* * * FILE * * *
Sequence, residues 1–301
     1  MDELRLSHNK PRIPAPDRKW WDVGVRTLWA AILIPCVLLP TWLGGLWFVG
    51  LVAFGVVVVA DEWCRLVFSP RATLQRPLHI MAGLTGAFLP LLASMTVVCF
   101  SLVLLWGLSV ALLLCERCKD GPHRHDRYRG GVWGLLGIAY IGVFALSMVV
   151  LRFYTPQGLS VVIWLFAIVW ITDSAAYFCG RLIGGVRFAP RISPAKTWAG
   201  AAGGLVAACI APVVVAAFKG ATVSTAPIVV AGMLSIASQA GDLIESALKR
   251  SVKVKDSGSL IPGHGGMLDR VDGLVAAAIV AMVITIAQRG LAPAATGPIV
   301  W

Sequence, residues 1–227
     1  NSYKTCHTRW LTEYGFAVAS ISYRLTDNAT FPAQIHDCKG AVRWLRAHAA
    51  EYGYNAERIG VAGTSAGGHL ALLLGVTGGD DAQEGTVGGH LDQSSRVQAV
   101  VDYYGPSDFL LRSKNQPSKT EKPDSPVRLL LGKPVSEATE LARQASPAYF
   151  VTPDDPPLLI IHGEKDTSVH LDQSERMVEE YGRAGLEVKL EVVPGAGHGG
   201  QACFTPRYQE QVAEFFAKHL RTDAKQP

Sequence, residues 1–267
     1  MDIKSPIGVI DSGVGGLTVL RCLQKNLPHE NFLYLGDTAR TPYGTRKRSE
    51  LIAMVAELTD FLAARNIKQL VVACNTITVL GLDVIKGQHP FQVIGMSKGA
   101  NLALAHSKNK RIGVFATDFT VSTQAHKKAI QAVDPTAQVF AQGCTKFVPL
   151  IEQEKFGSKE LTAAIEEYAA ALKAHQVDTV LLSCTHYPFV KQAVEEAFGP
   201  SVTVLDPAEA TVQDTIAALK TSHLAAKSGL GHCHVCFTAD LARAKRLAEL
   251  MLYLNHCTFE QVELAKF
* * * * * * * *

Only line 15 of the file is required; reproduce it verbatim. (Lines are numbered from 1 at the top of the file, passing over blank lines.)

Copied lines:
Sequence, residues 1–267